Countries recognize vital role of small-scale fishers
Voluntary Guidelines for Securing Sustainable Small-scale Fisheries in the Context of Food Security and Poverty Eradication endorsed by FAO's Committee on Fisheries
10 June 2014, Rome - Countries today endorsed a set of wide-reaching guidelines that will boost the already vital role of small-scale fishers in contributing to global food security, nutrition and poverty eradication.
The Voluntary Guidelines for Securing Sustainable Small-scale Fisheries in the Context of Food Security and Poverty Eradication are designed to support the world's millions of small-scale fishers, particularly in developing countries, by promoting their human rights and safeguarding the sustainable use of the fishery resources they depend upon for their livelihoods.
Small-scale fisheries account for more than 90 percent of the world's capture fishers and fish workers - about half of whom are women - and supply around 50 percent of all global fish catches. They provide a valuable source of animal protein for billions of people worldwide and often underpin local economies in coastal and lake- and river-side communities.
But despite their importance, many small-scale fishing communities continue to be marginalized.
Often located in remote areas with limited access to markets and to health, education and other social services, small-scale fishers can have difficulty in making their voices heard.
Small-scale fishers and fish workers face a range of challenges, from unsafe and unhealthy working conditions and poor infrastructure to pollution, environmental degradation, climate change and disasters threatening the resources they depend on for their livelihoods.
They can also suffer from unequal power struggles and insecure tenure arrangements over land and fishery resources.
The Voluntary Guidelines endorsed today are accordingly broad, ranging from measures to improve fisheries governance systems and working and living conditions to recommendations on how countries can help small-scale fishers and fish workers cut down post-harvest food losses and waste.
“These guidelines are a breakthrough. They are an important tool that will promote the implementation of national policies that will help small scale fishers thrive, and play an even greater role in ensuring food security, promoting good nutrition, and eradicating poverty. FAO is committed to helping countries implement these guidelines," said FAO Director-General José Graziano da Silva.
"It is fitting this achievement should come this year, as we celebrate family farming and are working to focus attention on the needs of small-scale food producers. I want to congratulate and thank all those involved in the process that has led to today’s achievement."
Árni M. Mathiesen, FAO Assistant Director-General for Fisheries and Aquaculture, added: "The guidelines will help small-scale fishers know and exercise their existing rights, and take charge of their own development."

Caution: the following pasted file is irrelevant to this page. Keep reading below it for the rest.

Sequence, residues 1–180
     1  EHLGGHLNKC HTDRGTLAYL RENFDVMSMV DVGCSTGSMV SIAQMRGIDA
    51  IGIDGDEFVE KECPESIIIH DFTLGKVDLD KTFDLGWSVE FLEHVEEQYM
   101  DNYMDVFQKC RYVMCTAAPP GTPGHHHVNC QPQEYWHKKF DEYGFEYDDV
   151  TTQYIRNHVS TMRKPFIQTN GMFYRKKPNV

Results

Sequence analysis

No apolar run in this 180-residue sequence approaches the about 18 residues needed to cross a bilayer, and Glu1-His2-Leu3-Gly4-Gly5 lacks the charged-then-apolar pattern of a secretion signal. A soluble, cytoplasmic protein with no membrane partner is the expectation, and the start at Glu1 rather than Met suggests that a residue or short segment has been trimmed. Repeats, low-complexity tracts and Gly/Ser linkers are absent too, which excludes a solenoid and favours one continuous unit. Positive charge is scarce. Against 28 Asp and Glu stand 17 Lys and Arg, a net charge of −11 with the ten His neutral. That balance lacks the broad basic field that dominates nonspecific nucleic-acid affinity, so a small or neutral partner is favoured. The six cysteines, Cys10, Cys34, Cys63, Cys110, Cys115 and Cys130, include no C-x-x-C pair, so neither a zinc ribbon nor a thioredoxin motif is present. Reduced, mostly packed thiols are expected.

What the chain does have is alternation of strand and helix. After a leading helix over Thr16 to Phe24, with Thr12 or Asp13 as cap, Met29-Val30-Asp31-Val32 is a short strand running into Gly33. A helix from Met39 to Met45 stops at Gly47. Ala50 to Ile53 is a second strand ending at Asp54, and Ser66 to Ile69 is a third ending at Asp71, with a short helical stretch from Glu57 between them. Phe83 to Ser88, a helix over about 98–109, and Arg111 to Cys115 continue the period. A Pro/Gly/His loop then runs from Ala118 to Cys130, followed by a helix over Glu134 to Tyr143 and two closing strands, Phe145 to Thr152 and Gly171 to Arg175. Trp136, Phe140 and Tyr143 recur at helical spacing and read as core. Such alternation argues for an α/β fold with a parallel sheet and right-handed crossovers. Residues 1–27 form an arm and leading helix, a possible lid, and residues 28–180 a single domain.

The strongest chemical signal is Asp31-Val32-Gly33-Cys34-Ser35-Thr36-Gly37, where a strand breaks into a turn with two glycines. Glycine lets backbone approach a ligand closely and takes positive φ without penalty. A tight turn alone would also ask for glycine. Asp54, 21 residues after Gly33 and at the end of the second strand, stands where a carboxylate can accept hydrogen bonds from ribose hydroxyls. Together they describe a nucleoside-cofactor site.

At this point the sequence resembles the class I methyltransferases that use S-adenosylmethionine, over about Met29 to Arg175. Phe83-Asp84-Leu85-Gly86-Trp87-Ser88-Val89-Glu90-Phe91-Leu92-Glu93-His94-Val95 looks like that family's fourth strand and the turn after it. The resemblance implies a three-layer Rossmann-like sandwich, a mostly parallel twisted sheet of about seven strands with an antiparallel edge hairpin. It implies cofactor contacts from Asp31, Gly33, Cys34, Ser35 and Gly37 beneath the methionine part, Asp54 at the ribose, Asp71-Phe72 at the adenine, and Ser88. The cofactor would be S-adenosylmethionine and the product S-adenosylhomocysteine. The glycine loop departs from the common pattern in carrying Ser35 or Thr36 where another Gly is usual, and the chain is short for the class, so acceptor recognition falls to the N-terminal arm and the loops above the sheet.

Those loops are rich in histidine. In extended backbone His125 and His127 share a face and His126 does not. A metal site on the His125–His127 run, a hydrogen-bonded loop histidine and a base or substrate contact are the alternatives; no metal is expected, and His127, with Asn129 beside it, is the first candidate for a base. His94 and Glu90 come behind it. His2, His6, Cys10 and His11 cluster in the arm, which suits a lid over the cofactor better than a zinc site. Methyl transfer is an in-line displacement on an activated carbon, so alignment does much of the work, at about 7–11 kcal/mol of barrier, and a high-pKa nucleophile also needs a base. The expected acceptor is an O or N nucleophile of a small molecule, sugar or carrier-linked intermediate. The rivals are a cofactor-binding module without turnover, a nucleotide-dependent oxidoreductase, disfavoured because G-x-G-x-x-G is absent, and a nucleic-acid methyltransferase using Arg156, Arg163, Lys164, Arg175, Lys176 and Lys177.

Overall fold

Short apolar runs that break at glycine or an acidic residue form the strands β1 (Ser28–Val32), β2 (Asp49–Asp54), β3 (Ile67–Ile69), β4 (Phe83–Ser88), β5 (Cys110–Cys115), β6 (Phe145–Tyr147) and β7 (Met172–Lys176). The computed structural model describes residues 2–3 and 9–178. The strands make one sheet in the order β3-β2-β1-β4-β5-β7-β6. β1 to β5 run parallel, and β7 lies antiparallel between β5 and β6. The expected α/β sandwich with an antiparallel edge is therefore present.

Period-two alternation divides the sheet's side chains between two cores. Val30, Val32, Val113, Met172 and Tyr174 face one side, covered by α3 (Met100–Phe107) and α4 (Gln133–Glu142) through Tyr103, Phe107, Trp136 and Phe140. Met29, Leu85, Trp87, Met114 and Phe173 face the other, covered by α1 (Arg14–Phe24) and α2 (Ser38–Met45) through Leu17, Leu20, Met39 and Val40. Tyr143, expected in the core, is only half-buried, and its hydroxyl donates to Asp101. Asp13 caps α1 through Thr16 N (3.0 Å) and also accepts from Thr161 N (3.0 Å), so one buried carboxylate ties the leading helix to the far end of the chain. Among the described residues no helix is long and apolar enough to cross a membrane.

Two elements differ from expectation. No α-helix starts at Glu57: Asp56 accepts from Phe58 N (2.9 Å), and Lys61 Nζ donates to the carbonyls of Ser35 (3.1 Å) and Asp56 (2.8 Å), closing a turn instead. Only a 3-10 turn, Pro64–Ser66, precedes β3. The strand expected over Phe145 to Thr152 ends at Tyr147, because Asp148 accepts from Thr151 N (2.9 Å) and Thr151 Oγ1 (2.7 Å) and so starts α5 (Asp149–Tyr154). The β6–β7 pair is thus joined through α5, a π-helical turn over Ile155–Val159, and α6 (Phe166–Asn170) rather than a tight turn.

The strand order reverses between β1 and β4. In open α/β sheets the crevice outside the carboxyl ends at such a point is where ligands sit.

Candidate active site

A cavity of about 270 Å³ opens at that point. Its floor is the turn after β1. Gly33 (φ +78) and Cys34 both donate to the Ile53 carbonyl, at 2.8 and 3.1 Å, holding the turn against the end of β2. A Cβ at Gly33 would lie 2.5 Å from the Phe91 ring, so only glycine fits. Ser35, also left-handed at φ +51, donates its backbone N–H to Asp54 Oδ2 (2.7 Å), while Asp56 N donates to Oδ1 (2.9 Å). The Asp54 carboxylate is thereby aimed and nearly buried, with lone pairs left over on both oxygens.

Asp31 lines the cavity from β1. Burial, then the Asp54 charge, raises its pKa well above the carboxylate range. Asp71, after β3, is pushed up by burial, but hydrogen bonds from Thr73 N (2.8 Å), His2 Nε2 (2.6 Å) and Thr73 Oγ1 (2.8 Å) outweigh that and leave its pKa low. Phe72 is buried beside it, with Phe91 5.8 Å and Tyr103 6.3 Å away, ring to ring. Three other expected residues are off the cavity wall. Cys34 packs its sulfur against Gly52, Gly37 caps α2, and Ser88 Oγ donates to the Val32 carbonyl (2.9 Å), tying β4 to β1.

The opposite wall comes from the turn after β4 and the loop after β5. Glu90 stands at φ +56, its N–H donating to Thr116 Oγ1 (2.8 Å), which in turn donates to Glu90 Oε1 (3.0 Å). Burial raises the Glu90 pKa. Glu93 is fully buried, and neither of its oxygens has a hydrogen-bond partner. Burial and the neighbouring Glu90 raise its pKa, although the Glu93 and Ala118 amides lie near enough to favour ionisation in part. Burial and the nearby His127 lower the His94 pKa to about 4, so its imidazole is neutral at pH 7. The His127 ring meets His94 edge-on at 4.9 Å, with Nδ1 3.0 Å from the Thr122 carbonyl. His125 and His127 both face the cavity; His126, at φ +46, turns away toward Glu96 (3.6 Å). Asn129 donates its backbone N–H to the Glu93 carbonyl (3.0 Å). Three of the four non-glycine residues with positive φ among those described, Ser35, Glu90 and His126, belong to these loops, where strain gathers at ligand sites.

As the first ever international instrument dedicated entirely to small-scale fisheries, the guidelines call for policy coherence to ensure that small-scale fisheries can fully contribute to food security, nutrition and poverty eradication.
In particular, they stress the importance of respecting and realizing human rights and dignity, and on the need for gender equality throughout the sub-sector, as well as encouraging countries to ensure small-scale fishers are represented in decision-making processes that affect their livelihoods.
They complement existing international instruments such as the 1995 FAO Code of Conduct for Responsible Fisheries and the Committee on World Food Security's 2012 Voluntary Guidelines on the Responsible Governance of Tenure of Land, Fisheries and Forests.
More than 4,000 people from governments, regional fisheries bodies, civil society organizations, academia and research and fishing communities all over the world have been involved since 2011 in developing the guidelines, which were given the green light by members of the Committee on Fisheries meeting at FAO headquarters in Rome this week.
However, Mathiesen warned that the real challenge lies in the implementation of the guidelines, which will only become effective once they are put into practice.
FAO is broadening its engagement with partners to develop a global assistance programme that will help countries implement the guidelines.
Committee on Fisheries
COFI is the only global inter-governmental forum except for the UN General Assembly where major international fisheries and aquaculture problems and issues are periodically examined and where recommendations for action by governments, regional fishery bodies, NGOs, fish workers, FAO and the international community are made.
Member countries are meeting for the 31st session of COFI at FAO headquarters in Rome until the end of the week.